No I have not decided to vacate my home. Last Wednesday started the Jewish holiday of Succot or the Feast of the Booths. Nope I kid you not. It's actually a commemoration of the time the Jews pissed off God at Mt Sinai and were forced to wonder for 40 years in the desert until they could enter the promised land of Eretz Israel. You think we Jews have long memories, just think how long God's memory happens to be.
I had actually forgotten about this fun video made to celebrate the holiday:
Now the etrog, or that rather big lemon seen in the video, is a specialized fruit grown in the Middle East. They actually have etrog farms in much the same way here in the USA we have Christmas tree farms. Etrogs are so specific in how they have to be grown and how unblemished they have to be that some will cost upwards of hundreds of dollars. In fact there is such a demand for etrogs in Israel that they have to import them from Morocco.
You also see the singers waving around what looks like a palm branch but it is actually three species of trees. the lulav, hadas and aravah. HERE Traditionally the four species (branches of trees and etrog) reflects the four species of mankind. They are held together because we are all part and parcel of the world. It is up to each of us to learn how to live with each another:
etrog: person with both wisdom (learning) and who preforms good deed
hadas (myrtle tree): person who preforms good deeds but lacks wisdom (learning)
lulav (date palm): person who has wisdom (learning) but does not perform good deeds
aravah (willow tree): person who has neither wisdom (learning) nor performs good deeds
There is also another interpretation of the four species, and that it quite personal:
Relationship With Self
Another way to look at the Lulav is mentioned in "Sefer Bahir," a kabbalistic work almost 2,000 years old. It describes the four species as four parts of a human being:
- The Esrog represents the heart, the seat of our emotions.
- The Hadas (myrtle) has leaves shaped like an eye.
- The Lulav (date palm) represents the spine, from where our actions emanate.
- The Aravah (willow) represents the lips, our speech.
Technically we are supposed to eat our meals inside the succah and there are people who even have set it up as a complete living environment for the 7 day holiday. Yep, they sleep in the succah too. Now in parts of Israel that may be an easy thing to do. But here in the northeast United States where there is frost on the ground at night...I will stick to my bed and the inside of my house.
|when you live in an apartment building creativity is the name of the game|
Meanwhile here is a tongue-in-cheek look at what succah booths mean in the politically charged atmosphere of the middle east
(PS its meant to laugh)
As far as any autism issues during this holiday are concerned, there are none. That's right, none. Mainly because we actually don't build a succah nor make the boys eat in one. And as for sleeping in one, that would so never happen. When the boys were younger we had friends who built a succah and we would go to their house for a party to celebrate the holiday. Our former Temple of course, had a succah, and we would go there for a holiday blessing. Their college used to also put up a succah and I would take the boys there, have them take a bite of an apple, say a blessing and be done with it.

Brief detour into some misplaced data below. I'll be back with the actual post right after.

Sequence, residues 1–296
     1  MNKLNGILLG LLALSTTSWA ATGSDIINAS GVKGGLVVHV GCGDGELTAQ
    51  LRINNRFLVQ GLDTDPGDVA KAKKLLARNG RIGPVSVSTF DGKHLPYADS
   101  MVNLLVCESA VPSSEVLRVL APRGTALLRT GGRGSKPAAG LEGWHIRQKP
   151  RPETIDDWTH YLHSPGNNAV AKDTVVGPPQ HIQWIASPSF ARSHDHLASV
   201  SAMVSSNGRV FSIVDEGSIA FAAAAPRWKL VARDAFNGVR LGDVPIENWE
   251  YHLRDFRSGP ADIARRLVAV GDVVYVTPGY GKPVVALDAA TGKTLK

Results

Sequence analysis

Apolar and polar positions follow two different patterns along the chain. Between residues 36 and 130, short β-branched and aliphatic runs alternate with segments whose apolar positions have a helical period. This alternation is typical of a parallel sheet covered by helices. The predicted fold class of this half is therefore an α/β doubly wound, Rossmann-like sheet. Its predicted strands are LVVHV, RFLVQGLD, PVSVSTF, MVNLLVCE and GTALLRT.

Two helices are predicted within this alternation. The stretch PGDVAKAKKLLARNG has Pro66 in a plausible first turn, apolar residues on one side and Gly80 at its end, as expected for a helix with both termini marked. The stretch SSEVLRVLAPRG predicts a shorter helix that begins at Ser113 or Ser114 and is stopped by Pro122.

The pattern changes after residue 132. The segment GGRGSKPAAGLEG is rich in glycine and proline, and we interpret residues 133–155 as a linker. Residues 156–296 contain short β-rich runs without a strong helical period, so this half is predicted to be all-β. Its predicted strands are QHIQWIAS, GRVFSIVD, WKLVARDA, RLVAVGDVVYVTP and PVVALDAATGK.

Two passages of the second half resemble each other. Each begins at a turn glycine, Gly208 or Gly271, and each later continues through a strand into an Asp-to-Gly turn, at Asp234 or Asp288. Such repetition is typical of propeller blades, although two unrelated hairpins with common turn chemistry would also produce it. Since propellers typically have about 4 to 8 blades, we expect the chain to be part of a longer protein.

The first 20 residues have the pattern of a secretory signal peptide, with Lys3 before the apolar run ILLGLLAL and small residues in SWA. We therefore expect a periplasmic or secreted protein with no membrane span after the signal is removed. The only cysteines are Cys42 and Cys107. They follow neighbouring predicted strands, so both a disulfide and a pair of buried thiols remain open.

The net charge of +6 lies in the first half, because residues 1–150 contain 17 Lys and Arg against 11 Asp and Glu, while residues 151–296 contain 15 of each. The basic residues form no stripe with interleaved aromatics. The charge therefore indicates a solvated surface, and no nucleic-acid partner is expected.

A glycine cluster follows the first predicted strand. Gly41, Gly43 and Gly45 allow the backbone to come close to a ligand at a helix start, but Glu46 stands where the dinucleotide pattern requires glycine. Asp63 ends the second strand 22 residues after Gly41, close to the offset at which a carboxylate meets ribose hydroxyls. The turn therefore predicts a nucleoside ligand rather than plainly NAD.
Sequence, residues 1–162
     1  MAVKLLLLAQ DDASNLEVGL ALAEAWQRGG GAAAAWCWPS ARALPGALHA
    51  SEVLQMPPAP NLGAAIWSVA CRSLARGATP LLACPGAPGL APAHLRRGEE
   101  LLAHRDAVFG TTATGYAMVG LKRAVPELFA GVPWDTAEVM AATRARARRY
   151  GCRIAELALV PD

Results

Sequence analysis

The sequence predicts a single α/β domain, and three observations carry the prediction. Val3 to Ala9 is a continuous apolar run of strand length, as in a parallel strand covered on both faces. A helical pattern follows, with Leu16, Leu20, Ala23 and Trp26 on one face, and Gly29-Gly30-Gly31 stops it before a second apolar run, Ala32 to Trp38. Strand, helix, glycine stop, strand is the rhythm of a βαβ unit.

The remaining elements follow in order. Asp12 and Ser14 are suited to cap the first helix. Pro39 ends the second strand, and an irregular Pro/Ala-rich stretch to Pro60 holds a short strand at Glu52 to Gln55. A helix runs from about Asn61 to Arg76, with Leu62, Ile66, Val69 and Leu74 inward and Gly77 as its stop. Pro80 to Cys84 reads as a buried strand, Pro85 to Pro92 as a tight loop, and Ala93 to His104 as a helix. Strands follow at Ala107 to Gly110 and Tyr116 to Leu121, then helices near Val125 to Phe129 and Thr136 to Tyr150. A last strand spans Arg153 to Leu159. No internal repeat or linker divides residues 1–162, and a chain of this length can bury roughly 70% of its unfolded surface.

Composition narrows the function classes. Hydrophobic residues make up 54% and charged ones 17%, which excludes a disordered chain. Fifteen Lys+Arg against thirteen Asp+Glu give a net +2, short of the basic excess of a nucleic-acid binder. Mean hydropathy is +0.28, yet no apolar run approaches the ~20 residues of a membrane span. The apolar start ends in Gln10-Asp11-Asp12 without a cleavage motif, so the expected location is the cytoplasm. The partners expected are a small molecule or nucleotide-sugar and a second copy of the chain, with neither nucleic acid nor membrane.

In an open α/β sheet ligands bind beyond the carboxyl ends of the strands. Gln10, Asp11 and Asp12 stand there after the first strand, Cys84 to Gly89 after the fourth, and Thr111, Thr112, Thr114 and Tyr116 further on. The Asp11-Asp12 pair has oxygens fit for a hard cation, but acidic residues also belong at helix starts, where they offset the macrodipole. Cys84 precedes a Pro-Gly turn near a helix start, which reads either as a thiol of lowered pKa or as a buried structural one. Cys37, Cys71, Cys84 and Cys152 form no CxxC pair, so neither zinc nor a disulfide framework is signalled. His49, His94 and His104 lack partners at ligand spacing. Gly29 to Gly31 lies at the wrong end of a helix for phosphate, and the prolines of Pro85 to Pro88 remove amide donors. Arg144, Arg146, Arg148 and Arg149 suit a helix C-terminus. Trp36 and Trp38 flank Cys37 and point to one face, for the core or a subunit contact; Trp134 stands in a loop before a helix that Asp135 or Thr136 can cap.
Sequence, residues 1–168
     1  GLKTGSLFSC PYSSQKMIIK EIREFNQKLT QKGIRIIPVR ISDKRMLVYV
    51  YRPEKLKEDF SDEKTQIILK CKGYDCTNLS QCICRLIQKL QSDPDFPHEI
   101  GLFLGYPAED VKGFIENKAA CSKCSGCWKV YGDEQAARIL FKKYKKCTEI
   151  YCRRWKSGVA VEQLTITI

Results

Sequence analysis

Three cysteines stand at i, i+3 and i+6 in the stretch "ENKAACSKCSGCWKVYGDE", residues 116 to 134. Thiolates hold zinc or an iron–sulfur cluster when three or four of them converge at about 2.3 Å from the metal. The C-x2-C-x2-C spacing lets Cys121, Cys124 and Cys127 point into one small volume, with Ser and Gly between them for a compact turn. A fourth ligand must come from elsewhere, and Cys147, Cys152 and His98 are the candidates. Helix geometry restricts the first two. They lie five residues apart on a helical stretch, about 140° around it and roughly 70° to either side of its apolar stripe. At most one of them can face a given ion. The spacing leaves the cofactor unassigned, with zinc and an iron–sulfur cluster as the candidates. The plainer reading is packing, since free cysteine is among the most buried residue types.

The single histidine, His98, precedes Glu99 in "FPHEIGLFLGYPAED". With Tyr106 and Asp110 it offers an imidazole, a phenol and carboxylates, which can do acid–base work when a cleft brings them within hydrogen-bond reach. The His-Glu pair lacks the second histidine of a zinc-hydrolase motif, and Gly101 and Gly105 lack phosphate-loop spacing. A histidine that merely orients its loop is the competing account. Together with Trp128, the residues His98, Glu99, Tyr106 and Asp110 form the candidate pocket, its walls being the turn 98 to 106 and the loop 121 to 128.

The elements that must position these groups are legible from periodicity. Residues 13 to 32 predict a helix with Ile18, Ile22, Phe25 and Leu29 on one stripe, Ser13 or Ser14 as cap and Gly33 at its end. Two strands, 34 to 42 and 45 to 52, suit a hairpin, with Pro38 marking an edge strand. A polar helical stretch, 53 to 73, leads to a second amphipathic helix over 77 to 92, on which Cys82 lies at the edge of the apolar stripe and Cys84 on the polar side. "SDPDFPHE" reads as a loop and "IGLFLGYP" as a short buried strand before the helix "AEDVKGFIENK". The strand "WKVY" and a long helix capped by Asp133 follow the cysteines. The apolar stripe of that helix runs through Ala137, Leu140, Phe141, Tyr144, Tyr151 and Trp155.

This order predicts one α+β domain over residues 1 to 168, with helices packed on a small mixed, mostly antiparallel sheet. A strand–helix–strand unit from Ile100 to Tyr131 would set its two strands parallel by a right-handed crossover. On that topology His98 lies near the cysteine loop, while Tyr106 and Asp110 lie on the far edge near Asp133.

Now...forget about it.
Truth be told the issue with the succah has nothing to do with "autism per se," but has to do with the comorbid issues and phobias that are associated with their autism. The biggest issue is flying insects. No matter what we have done to try to help them, the issue while it has gotten better, is not worth purposefully provoking. And yes they still get upset if there are flying bugs in the house, classroom or in their near vicinity. Yes they can help out at the Audubon society picking weeks and working in the garden (as long as they have bug repellent one), but the idea of actually sitting outside and eating is anxiety provoking. Picnics do not happen in this family. Eating outside at a restaurant does not happen. Thankfully the porch is fully screened in or they would never ever go sit outside.
Hubby and I made a decision years ago that the boys will practice their Judaism as well as they can without becoming overwhelmed. It's why we never went to Temple on High Holy Days and our Passover Seders are at most 30 minutes long (Usually we are lucky if the Seders last ten minutes before the boys get into a knock down dragout about the existence of God alltogether). We make our religion home-centered, as Judaism requires anyway.
The idea is religion is something that should not be a burden but a pleasure. It should give you succor and joy. To make something that is supposed to give a person happiness odorous, is to deprive that person of what religion is truly all about. So we have always modified religion for the boys. We give them the basics and then as much of the traditions as possible.
But above all, we try to instill in our children that no matter what you do in life you are entitled to be comfortable, happy and content. Autism may forestall certain religious practices, but the boys also know it doesn't stand in the way of them learning about their Jewish heritage. We have basically autismified our Judaism. (Yes I just made that word up.)
In life you have to learn to pick and chose what battles to fight. We have chosen to fight the battles required for the boys to be properly integrated into society. But I refuse to battle religion itself. Considering our offerings to God still come with an open heart, God is going to have to accept them the way they came. That is what a truly loving God would do anyway.